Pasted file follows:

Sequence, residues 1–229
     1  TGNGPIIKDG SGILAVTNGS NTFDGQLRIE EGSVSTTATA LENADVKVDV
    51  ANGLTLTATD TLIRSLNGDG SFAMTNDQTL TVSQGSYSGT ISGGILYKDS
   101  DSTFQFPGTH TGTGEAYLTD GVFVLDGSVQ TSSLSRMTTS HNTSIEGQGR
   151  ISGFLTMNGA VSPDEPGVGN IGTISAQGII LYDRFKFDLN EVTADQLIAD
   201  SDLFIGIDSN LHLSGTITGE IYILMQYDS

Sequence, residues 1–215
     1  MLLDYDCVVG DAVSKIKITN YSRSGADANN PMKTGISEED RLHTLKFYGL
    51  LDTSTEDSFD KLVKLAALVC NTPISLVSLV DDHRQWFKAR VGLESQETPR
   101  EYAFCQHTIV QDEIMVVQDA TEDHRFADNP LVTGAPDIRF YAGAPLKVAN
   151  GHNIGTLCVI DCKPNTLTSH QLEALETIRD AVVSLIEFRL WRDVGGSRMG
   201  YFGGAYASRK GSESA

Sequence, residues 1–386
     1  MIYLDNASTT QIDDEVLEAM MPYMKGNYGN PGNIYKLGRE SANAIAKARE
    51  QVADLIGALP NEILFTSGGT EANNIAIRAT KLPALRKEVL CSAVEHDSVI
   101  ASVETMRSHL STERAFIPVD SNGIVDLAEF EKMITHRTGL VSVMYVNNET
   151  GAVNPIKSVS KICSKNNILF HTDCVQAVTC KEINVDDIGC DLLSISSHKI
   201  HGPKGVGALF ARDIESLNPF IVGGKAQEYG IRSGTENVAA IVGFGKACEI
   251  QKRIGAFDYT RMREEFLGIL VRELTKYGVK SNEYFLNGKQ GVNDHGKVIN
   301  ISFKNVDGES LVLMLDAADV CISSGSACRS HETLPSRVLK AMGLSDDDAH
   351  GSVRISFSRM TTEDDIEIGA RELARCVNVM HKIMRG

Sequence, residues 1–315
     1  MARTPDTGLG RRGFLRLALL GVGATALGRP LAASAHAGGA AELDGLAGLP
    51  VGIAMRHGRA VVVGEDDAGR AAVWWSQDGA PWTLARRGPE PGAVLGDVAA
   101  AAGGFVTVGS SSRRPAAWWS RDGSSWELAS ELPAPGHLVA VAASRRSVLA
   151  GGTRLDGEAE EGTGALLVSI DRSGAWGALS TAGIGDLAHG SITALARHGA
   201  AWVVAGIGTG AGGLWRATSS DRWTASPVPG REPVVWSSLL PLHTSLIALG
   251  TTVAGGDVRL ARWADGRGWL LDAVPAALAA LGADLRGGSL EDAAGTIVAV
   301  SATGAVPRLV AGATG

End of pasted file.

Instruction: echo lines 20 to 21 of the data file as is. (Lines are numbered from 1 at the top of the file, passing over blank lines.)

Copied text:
   301  ISFKNVDGES LVLMLDAADV CISSGSACRS HETLPSRVLK AMGLSDDDAH
   351  GSVRISFSRM TTEDDIEIGA RELARCVNVM HKIMRG